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Choosing Seeds

Choosing the right seeds will help you have success in your garden. We have a short and intense growing season in the Yukon. Garden stores carry a wide variety of seeds but not all will grow in the Yukon. Ensure that your are purchasing packs that will like the growing conditions up here. Some suggestions to get started are:

  • Carrots - Varieties chantenay and nantes
  • Radish - Varieties rudi and french breakfast
  • Spinach - Bloomsdale
  • Peas – Sugarsnap
  • Turnips -Purple top or hakurei
  • Kale - Summer kale blend or siberian
  • Swiss chard - Rainbow or giant foordhook
  • Mesclun mix- Fast and furious
  • Beets -Cylindra
Reading Seed Packets

A seed packet is more than just a pretty envelope. It’s a miniature biography that reveals all a gardener needs to know to successfully grow the seeds it contains. The information differs from company to company, but most likely it will contain:

  • A picture of the plant
  • The name of the plant
  • A plant description
  • The price and weight of the package
  • The packed for/sell by date
  • The planting depth for the seeds
  • The conditions the plant needs (ex. sun/shade)
  • The average height of the plant
  • The days to germination
  • The days to maturity
  • If the plant is able to be direct planted (direct sow)
  • If the plant needs to be started indoors and transplanted

Thoughts to consider at the beginning of the season:

Do you buy starters and also plant a few seeds of your own to have a continuous crop?

Consider using the seed swap at the Yukon Government Department of Energy, Mines and Resources library seed bank, and/or learn about seed saving to save seeds to use in future years.

Watch the video above on “How to Read a Seed Package” by Peterson Garden Project

Planting Seeds

When to start planting

The best time to plant seeds directly in the garden is mid-May to mid-June, after the danger of hard frost has passed.

How to plant seeds

Check the seed package to see how deep you should plant your seeds. Some of the small ones can be sprinkled right on the soil surface. Larger seeds will need to be buried. Plant two seeds per cell (or pot). If both seeds germinate, pull one and let the other grow.

Planting seeds directly into the garden bed

There are some vegetables that can be directly planted into the garden generally any time after May 15. These vegetables include beets, carrots, chard, lettuce, peas, potatoes, radishes and spinach. Read the seed packet for information on seed spacing and how deep the seeds should be planted.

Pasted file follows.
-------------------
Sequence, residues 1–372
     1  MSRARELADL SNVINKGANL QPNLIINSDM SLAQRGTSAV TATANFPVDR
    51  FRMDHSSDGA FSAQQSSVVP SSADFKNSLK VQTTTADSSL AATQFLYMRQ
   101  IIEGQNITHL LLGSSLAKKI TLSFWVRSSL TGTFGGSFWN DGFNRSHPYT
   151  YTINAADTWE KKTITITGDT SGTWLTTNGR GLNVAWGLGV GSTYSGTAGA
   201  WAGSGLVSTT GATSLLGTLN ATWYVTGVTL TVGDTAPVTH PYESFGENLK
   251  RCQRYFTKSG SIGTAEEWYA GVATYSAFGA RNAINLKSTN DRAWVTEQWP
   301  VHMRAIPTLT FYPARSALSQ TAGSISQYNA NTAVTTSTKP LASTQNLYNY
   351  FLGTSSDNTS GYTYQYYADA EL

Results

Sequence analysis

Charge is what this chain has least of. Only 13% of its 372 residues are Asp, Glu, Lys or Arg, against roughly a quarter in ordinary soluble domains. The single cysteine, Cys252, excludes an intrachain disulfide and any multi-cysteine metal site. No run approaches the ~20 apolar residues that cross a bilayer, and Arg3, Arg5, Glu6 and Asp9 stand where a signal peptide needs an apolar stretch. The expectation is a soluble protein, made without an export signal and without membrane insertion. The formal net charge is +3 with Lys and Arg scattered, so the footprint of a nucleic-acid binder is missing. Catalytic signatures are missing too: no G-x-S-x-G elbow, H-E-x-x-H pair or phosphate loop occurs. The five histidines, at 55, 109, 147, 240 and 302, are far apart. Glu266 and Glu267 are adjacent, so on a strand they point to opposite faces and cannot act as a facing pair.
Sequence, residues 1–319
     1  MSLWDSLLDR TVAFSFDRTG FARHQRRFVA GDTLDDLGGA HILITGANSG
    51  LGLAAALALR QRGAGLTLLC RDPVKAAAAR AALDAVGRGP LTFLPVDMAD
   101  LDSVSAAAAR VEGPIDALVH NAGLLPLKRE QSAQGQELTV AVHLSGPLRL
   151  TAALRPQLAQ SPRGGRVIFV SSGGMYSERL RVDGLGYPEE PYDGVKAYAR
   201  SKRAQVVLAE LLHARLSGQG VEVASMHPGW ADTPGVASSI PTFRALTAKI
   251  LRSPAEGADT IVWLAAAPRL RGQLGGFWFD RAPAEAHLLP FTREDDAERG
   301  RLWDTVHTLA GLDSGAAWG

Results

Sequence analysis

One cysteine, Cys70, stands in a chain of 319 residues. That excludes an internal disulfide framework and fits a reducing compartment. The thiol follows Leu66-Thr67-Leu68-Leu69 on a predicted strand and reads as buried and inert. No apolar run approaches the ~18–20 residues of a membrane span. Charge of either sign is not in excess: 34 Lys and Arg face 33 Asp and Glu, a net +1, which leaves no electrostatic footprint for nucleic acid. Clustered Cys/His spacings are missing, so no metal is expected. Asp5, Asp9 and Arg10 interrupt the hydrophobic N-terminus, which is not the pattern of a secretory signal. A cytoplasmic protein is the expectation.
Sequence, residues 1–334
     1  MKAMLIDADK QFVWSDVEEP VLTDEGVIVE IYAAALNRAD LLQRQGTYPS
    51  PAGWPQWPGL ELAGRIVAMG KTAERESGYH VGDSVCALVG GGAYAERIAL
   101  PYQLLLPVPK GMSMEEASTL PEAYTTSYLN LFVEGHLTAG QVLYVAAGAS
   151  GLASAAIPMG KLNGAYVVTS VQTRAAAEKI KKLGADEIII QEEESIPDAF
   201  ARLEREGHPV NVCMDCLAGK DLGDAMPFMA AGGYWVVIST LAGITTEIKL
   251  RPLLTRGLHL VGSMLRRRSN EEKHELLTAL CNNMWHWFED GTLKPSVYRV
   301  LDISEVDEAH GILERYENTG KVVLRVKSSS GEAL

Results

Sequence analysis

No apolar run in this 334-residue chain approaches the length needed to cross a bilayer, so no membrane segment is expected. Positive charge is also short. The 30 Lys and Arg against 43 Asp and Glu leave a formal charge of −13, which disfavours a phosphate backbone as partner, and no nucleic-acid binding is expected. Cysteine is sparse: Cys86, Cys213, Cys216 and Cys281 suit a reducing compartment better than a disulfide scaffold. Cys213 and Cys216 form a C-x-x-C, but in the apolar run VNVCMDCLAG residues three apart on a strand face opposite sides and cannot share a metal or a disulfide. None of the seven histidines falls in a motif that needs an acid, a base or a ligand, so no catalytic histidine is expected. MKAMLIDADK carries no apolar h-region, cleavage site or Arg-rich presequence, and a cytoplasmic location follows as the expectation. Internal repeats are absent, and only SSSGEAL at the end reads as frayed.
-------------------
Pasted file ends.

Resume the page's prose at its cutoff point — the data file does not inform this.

Start with digging a furrow for your seeds with the side of a hoe or a stick. Try to keep the furrow an even depth.

Small seeds, like carrot and lettuce, can be shaken out of the seed packet by gently tapping it as you move along the furrow. This may mean the seeds are too closely spaced, but the seedlings can be thinned back to the correct distance after they have sprouted. It is important to thin crowded seedlings, otherwise the plants will grow together and become damaged.

Large seeds (peas, beans, chard) can be planted individually in furrows at the specified distance or in a line of holes poked with a stick or your finger.

What is a furrow? A long narrow trench in your garden bed. Planting in furrows allows for more uniform rows, which makes it easier for watering and weeding the garden.

Taking the time to space even small seeds removes a lot of thinning, thereby the plants grow undisturbed. As the first thinning is baby carrots, old farmers say it is worth the time and effort to space properly and carefully in the beginning.

After planting each row, cover the seeds with soil, press the soil down firmly and water the row. Some seeds can take a while to germinate, but if you haven’t seen sprouts within three weeks after planting, consider replanting the row.

Tip: Use store bought tags or popsicle sticks to mark your row with the name or variety of the vegetable and the date planted in the row.

How to plant potatoes and onions

In the North, potatoes and onions are not usually started from seed due to the short growing season. Onions are started from sets and potatoes from seed potatoes. Sets are basically small onions that can be planted like flower bulbs. A seed potato is a potato that has been grown to be replanted to produce a potato crop. You can cut the larger seed potatoes in half (or smaller) and as long as the piece of potato has one or more “eyes” it will sprout and develop into a full-grown potato plant. Small seed potatoes should be planted whole.

Onion sets can be planted in an outdoor garden bed once the danger of frost has passed. Just make sure to keep them covered with either plastic or gardening cloth to minimize the risk of getting onion maggots. Keep them covered until the end of June or beginning of July.

Potatoes need to be covered with soil as the green leaves emerge. This will help the potato plant grow bigger and produce more potatoes. A 4x4 post layer added to the top of the garden beds will give more space to add soil.